Clear aligners look simple and plastic to the untrained eye. In reality, these aligners could be made of a range of materials. Advances in technology have also created new avenues for aligner manufacturers. According to one study, the ideal aligner material should “exhibit high resilience, low hardness, sufficient elasticity, adequate resistance to varied stress and distortion, excellent transparency, low cytotoxicity and high biocompatibility.”
There are four primary material categories into which aligners fall:
Your orthodontist will know the proper material to address your oral care needs. They will consider the following factors when deciding what material works best:
Aligners are worn for an extended period, typically around 1-2 weeks per aligner set and up to 22 hours per day. Choosing aligners made from a durable material that can withstand the pressures of everyday wear and tear is crucial. High-quality aligners made from a durable material can resist cracking, breaking or warping, ensuring they remain effective and intact throughout your treatment.
Your comfort is key. If you’re uncomfortable for 22 hours a day, you will not keep up with treatment. The material of clear aligners plays a significant role in their comfort. Aligners should fit snugly and smoothly against your teeth. You should not feel any irritation or discomfort. A high-quality, flexible material can guarantee a comfortable fit throughout your treatment. If your gums feel irritated or you notice abrasions, talk to your orthodontist about getting a new material.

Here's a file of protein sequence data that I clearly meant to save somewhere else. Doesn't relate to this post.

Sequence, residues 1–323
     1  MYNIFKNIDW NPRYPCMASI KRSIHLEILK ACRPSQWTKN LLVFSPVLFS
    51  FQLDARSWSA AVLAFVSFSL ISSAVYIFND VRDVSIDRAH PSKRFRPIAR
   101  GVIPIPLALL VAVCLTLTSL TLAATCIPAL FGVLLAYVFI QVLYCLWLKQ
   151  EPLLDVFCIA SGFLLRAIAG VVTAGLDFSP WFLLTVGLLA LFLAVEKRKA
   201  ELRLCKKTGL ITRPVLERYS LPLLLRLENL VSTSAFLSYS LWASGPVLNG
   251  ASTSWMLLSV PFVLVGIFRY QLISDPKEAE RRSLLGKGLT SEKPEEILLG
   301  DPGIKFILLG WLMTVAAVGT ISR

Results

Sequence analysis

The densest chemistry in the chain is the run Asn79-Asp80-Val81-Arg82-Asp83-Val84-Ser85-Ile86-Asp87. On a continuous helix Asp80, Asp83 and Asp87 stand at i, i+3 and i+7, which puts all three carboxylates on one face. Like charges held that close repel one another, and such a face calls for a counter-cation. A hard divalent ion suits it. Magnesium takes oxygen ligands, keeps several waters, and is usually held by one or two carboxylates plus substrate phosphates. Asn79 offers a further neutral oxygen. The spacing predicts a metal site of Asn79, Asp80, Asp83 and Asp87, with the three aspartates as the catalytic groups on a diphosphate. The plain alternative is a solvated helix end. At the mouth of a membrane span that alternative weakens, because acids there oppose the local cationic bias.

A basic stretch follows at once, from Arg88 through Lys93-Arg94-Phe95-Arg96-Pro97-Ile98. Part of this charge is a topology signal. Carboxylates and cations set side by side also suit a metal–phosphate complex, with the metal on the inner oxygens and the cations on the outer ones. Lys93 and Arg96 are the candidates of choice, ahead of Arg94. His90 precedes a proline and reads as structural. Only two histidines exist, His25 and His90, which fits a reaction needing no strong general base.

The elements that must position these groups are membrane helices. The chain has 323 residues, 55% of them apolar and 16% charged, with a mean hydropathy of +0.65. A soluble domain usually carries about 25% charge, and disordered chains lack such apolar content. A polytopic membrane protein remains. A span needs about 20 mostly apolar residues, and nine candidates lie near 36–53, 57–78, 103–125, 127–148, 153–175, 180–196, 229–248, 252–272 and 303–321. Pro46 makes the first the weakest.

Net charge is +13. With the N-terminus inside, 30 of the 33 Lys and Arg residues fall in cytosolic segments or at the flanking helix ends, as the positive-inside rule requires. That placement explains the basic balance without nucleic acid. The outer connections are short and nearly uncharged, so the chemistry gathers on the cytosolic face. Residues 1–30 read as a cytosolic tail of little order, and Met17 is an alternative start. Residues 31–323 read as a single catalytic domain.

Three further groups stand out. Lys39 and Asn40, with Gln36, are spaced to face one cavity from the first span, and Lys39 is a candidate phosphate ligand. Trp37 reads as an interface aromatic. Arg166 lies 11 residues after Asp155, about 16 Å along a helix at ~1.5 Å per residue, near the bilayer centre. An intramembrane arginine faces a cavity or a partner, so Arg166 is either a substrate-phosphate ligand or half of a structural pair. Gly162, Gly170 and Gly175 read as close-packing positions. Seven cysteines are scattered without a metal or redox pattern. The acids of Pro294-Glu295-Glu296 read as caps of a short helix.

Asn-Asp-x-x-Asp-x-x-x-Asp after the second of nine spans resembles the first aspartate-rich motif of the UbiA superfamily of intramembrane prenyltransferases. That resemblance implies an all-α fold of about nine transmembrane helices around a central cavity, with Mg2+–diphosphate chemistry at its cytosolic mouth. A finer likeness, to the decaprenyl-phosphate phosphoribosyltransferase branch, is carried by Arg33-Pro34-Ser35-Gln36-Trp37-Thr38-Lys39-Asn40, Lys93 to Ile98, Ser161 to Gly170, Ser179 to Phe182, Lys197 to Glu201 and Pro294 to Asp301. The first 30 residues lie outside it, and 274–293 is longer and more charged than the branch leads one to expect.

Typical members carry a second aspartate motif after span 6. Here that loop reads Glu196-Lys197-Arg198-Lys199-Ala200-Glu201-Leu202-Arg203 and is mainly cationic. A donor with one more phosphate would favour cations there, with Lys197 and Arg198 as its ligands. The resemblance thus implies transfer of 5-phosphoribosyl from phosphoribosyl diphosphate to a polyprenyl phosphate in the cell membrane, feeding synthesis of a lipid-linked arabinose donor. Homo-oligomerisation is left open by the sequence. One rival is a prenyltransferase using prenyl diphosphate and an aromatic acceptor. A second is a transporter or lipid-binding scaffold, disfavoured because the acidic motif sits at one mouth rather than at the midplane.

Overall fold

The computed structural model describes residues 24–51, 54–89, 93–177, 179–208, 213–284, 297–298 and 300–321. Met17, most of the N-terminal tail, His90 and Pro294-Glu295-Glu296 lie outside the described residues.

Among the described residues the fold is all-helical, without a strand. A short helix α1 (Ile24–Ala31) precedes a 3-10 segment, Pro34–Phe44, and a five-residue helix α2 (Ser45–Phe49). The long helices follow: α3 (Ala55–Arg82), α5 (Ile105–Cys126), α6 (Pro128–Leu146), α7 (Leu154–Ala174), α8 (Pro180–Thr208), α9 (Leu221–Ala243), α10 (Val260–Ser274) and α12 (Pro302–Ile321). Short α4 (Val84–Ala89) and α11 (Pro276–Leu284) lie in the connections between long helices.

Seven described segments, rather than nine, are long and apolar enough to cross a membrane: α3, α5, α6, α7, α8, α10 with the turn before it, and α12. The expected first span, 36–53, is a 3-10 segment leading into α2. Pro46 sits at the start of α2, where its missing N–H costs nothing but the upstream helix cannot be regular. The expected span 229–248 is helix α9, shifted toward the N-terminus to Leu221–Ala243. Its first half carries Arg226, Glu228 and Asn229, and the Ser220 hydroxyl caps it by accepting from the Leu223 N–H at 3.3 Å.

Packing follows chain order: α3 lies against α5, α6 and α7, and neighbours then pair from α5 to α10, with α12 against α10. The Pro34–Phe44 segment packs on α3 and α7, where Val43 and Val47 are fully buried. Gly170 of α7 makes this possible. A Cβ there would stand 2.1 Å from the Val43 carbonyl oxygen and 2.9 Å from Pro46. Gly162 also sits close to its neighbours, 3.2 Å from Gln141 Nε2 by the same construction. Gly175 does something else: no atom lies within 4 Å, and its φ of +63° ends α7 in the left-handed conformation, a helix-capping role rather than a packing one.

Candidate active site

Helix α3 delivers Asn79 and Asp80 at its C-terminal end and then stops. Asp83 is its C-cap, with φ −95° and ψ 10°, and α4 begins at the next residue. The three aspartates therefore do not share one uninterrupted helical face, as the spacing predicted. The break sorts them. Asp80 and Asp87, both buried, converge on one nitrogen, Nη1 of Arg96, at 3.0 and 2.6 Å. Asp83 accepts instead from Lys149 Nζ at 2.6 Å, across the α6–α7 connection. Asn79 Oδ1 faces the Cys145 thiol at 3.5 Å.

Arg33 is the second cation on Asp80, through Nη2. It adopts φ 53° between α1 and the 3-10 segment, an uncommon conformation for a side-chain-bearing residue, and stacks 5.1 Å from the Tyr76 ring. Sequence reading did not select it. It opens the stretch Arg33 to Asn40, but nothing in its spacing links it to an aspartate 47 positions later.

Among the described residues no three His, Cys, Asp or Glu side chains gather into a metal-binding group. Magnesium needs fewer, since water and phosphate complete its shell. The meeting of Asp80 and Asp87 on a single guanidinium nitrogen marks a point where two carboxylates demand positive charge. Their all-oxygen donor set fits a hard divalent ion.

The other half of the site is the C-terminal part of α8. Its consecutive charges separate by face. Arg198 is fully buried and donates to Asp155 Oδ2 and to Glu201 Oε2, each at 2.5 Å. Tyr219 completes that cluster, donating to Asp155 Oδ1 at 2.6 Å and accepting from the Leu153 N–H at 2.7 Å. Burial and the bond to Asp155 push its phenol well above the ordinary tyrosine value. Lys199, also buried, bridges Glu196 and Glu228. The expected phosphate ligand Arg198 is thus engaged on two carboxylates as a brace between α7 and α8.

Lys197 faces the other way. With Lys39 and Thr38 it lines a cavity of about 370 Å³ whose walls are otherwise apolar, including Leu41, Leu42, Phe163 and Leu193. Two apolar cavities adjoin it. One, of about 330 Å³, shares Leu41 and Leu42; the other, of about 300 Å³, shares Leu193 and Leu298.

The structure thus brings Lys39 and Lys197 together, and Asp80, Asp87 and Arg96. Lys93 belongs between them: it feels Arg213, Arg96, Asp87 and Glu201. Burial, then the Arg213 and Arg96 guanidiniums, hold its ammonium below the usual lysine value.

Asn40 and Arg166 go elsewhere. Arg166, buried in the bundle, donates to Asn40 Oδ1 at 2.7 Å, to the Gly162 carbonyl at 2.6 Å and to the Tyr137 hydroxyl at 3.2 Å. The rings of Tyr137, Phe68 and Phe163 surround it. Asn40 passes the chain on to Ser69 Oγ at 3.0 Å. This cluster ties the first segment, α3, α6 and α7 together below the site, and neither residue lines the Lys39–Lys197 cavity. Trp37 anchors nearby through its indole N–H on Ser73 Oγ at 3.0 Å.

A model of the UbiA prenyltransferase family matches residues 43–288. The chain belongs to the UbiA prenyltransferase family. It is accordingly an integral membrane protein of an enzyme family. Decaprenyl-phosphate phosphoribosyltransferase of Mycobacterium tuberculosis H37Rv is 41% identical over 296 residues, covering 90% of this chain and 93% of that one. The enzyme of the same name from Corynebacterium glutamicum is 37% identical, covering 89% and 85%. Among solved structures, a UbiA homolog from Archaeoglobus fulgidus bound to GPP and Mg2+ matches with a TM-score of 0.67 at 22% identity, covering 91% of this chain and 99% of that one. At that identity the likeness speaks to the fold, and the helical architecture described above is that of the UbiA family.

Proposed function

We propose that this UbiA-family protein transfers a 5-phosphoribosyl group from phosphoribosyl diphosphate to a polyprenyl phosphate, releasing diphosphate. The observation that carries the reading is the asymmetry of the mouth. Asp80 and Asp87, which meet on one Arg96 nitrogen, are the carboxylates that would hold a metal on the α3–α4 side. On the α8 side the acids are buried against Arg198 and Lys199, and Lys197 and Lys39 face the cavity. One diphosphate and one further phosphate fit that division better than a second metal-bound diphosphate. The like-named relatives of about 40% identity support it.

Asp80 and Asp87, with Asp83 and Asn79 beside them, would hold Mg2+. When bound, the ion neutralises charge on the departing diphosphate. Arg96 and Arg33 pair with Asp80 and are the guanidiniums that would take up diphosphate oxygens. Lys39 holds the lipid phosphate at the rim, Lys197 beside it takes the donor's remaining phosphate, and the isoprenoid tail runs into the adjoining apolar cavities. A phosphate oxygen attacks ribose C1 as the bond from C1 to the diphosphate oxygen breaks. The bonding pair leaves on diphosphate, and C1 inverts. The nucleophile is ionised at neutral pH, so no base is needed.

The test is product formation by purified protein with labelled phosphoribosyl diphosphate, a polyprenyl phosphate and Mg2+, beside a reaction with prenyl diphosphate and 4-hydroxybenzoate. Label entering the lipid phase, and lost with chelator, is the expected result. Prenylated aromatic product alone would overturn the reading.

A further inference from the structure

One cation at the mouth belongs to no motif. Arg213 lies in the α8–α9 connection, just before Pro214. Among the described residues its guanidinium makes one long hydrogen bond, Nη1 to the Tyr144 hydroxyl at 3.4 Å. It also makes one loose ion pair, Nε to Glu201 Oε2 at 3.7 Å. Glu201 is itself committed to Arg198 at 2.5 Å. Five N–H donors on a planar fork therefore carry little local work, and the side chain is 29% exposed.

Many people choose aligners because they want discretion that braces don’t provide. Clear aligners are transparent and can be worn daily without being noticed by most people. The material used should be transparent and able to blend in with your natural tooth color.
Perhaps most importantly, an aligner’s material impacts how you’ll clean it. Aligners that are non-porous and smooth may be best. This material prevents plaque buildup better and may be easier to clean.
You may be tempted to ignore the specifics of your aligner’s material, but you can’t be blasé about the material when it comes to cleaning. You can damage your aligner if you clean it with a product that doesn’t play well with the material. Talk to your orthodontist about which cleaning products work best for your aligner’s specific material.
An aligner’s material can significantly influence durability, comfort, transparency and cleaning habits. It could even impact how much invisible aligners cost. Be sure to have a comprehensive discussion with your orthodontist so you know how your aligner’s material impacts your treatment path.